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Prescription Weight-Loss Drug Orlistat Approved For Over-the-Counter Sales

Date:
February 8, 2007
Source:
U.S. Food and Drug Administration
Summary:
The Food and Drug Administration (FDA) has approved orlistat capsules as an over-the-counter (OTC) weight loss aid for overweight adults. Orlistat helps produce weight loss by decreasing the intestinal absorption of fat.
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"We know that being overweight has many adverse consequences, including an increase in the risk of heart disease and type 2 diabetes," said Dr. Douglas Throckmorton, Deputy Director for FDA's Center for Drug Evaluation and Research.  "OTC orlistat, along with diet and exercise, may aid overweight adults who seek to lose excess weight to improve their health."

name Alli and is indicated for use in adults ages 18 years and older along with a reduced-calorie, low-fat diet, and exercise program. 

"We know that being overweight has many adverse consequences, including an increase in the risk of heart disease and type 2 diabetes," said Dr. Douglas Throckmorton, Deputy Director for FDA's Center for Drug Evaluation and Research.  "OTC orlistat, along with diet and exercise, may aid overweight adults who seek to lose excess weight to improve their health."

OTC orlistat is not for people who have problems absorbing food or for those who are not overweight. "Overweight" is defined by the National Institutes of Health as having a body mass index (BMI) of 27 kg/m2 or more.  Orlistat helps produce weight loss by decreasing the intestinal absorption of fat.  The 60 mg capsule can be taken up to three times a day with each fat-containing meal.  Because of the possible loss of certain nutrients, it is recommended that people using orlistat should also take a multivitamin at bedtime.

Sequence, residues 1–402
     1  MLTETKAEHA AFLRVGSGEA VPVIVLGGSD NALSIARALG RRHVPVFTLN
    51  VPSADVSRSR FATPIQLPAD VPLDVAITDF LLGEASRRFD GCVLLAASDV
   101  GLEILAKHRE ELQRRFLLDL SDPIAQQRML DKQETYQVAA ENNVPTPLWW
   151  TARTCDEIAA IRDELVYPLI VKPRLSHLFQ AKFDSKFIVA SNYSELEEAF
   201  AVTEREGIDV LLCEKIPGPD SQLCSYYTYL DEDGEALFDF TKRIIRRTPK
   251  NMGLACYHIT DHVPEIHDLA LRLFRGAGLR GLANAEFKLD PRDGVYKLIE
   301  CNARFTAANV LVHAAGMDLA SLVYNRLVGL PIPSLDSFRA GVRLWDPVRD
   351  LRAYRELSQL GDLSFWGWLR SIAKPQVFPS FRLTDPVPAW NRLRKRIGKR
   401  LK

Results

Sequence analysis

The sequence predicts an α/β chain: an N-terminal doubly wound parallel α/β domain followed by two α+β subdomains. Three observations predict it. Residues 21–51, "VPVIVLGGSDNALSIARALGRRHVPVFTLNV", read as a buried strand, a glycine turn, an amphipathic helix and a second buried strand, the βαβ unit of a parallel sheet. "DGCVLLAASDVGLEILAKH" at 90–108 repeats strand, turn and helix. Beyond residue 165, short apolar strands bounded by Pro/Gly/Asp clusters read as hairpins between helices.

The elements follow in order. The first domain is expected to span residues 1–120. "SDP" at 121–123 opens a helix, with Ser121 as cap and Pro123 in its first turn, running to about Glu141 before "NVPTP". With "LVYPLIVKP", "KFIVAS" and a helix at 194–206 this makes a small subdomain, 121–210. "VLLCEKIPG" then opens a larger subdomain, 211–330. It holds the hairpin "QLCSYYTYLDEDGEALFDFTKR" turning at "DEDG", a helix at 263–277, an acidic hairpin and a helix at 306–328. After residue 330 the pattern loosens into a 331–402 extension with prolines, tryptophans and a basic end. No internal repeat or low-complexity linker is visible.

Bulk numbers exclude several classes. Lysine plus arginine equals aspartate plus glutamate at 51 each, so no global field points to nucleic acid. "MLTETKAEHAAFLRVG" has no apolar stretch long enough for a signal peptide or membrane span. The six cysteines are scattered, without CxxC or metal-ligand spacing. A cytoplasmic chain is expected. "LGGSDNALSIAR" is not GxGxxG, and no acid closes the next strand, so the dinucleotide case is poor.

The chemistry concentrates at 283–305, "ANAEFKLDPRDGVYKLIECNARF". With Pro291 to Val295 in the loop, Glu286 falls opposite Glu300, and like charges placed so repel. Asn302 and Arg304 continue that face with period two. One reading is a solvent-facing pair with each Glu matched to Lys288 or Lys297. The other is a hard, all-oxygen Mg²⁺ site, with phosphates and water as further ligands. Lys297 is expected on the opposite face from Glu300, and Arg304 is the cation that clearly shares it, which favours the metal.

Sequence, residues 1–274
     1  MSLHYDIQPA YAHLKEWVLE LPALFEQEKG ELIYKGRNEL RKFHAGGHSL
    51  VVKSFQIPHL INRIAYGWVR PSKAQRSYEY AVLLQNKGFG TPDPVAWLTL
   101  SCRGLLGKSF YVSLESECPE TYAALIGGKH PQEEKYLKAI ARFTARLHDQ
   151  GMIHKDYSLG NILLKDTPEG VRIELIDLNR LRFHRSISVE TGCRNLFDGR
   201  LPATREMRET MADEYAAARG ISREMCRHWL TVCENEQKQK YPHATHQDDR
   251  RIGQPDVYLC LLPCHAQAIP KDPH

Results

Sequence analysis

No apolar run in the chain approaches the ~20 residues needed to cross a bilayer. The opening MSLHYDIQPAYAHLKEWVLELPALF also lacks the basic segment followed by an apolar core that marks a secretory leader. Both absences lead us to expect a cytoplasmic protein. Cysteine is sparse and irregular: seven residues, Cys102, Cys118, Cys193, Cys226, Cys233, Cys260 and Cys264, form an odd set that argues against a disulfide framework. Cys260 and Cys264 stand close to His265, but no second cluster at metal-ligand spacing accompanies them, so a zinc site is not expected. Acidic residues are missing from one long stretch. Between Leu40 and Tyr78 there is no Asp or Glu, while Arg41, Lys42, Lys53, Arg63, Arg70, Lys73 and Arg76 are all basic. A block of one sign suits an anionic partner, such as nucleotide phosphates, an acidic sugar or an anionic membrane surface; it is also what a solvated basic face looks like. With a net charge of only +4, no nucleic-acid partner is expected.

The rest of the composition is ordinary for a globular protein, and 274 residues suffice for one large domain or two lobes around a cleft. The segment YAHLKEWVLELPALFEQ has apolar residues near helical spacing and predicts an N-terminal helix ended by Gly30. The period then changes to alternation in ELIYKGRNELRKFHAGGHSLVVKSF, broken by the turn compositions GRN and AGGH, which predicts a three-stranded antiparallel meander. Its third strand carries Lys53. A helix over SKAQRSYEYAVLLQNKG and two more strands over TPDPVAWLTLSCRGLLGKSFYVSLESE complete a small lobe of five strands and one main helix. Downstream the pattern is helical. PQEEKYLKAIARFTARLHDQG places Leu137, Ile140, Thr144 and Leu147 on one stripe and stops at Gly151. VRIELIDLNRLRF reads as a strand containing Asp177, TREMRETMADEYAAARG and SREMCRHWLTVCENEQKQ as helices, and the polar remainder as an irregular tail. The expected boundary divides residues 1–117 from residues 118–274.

The most common side effect of the product is a change in bowel habits, which may include loose stools.  Eating a low fat diet will reduce the likelihood of this side effect.  Also, people who have had an organ transplant should not take OTC orlistat because of possible drug interactions.  In addition, anyone taking blood thinning medicines or being treated for diabetes or thyroid disease should consult a physician before using orlistat. 

FDA approved OTC orlistat based on the review of the sponsor's safety data and after submitting the product for the consideration by an FDA advisory committee in January 2006. The committee voted in favor of OTC approval.


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Cite This Page:

U.S. Food and Drug Administration. "Prescription Weight-Loss Drug Orlistat Approved For Over-the-Counter Sales." ScienceDaily. ScienceDaily, 8 February 2007. <www.sciencedaily.com/releases/2007/02/070207214308.htm>.
U.S. Food and Drug Administration. (2007, February 8). Prescription Weight-Loss Drug Orlistat Approved For Over-the-Counter Sales. ScienceDaily. Retrieved May 23, 2017 from www.sciencedaily.com/releases/2007/02/070207214308.htm
U.S. Food and Drug Administration. "Prescription Weight-Loss Drug Orlistat Approved For Over-the-Counter Sales." ScienceDaily. www.sciencedaily.com/releases/2007/02/070207214308.htm (accessed May 23, 2017).

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